Lasha Darsalia said Russia’s fulfilment of the 2008 six-point peace deal remains Georgia’s top demand during GID rounds. He stated Georgia pushed for the meeting owing to the region’s complex security climate, particularly throughout the occupied territories. Darsalia noted that the resolution of the conflict is primarily concerned with the repatriation of IDPs, security guarantees, and the deployment of international security mechanisms.
“Georgia has fulfilled its obligations under the six-point agreement. The fact is that Russia does not keep its commitments; this is the scenario we are in today,” he remarked, thanking the foreign partners for mediating the discussions.
Toivo Claar, the EU Special Representative for the South Caucasus and Georgia, stated that the discussions were not held in March or June due to the decision of co-chairs who did not want the negotiations to be “influenced by developments elsewhere.” This time, all parties decided to hold the round, and they feel that the “format should be preserved.”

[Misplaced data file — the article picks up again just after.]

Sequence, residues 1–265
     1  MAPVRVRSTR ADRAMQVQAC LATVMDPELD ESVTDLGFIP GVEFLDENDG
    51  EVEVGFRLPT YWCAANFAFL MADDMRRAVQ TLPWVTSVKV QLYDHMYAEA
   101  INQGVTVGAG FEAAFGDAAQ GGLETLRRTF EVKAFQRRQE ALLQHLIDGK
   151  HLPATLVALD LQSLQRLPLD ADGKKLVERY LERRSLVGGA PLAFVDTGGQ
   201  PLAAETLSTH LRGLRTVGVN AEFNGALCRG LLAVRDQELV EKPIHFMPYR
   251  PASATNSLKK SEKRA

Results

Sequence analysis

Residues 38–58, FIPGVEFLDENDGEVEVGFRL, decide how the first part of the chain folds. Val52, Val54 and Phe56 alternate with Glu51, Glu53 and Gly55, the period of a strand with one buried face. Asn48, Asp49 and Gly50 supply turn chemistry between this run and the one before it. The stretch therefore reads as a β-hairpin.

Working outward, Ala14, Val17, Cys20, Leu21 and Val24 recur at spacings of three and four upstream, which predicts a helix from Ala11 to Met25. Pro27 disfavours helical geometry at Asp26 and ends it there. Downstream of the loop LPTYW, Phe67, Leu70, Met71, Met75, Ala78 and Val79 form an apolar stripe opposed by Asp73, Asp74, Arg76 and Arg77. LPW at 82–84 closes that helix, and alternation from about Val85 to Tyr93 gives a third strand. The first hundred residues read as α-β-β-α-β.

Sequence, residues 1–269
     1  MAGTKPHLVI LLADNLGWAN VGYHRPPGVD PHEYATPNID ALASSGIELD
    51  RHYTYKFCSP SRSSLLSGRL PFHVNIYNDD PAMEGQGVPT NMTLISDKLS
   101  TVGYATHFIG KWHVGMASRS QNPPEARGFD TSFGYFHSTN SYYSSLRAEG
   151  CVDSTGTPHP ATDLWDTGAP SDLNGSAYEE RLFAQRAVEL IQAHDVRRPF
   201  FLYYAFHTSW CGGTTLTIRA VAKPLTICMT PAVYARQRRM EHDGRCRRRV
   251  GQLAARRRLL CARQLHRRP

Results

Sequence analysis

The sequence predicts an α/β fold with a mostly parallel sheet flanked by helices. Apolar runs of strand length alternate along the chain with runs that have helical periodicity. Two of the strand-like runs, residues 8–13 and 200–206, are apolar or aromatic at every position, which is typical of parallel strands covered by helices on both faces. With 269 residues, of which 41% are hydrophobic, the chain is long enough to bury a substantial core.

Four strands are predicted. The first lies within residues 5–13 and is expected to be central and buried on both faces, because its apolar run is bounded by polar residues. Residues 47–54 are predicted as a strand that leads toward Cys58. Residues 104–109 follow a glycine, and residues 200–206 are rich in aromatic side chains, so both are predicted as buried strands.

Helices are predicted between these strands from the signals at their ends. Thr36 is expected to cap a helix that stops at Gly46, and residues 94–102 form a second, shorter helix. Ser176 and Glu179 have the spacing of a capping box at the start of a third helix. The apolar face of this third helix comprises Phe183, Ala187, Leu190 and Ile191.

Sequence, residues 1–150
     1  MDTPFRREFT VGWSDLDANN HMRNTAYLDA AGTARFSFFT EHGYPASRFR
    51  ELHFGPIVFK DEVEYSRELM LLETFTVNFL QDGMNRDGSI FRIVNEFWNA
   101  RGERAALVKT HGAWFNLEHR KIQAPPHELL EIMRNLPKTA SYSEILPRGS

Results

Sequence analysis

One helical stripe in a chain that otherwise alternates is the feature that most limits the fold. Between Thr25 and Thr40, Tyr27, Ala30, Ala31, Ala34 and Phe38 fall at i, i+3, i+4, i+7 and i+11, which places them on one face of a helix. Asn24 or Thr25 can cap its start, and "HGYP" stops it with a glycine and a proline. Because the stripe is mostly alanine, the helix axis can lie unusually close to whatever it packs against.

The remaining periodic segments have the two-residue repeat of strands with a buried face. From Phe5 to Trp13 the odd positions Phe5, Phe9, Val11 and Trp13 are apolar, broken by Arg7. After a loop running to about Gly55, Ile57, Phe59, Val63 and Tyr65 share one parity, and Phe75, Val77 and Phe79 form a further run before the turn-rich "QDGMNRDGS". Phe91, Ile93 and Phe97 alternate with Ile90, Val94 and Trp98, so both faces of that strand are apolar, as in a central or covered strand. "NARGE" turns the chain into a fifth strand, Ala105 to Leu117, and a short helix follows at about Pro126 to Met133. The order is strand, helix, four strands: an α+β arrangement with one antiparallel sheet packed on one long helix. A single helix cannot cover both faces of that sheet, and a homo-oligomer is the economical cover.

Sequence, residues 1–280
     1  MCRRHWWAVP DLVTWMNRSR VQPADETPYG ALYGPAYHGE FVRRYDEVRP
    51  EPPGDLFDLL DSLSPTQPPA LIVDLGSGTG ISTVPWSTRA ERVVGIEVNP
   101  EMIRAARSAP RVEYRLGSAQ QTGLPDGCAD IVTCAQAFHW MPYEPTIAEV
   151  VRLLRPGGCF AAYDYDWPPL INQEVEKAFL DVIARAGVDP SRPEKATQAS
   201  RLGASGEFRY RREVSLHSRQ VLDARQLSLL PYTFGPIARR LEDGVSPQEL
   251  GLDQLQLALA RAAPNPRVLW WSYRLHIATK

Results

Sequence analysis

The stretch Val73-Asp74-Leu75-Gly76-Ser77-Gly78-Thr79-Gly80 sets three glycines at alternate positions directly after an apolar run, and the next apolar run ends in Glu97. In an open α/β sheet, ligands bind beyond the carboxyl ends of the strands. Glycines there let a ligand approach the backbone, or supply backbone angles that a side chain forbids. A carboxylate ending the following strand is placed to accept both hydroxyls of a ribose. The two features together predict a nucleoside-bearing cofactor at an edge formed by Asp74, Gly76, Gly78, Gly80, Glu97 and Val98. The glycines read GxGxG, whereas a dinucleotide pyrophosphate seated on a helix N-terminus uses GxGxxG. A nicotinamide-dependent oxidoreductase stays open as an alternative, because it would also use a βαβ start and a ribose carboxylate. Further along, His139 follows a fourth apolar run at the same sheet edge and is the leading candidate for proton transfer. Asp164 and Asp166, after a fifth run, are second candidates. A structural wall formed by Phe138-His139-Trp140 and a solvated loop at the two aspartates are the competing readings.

“I think we had a very useful exchange of views today. Of course, it is the usual context, but it was important to have this exchange and the commitment of all participants to continue working in the Geneva context,” Toivo Claar said.
The US Department of State’s senior advisor for Caucasus negotiations, Philip Reeker, restated the US’s strong support for Georgia’s territorial integrity within its internationally recognized borders.
“Russia needs to implement the 6-point plan from 2008, and, of course, we are very concerned about IDPs and the withdrawal of Russian troops. These will be the issues we will continue to focus on. The Embassy from Tbilisi joins me in the delegation, and I will be going back to Washington to report to the State Secretary,” he said.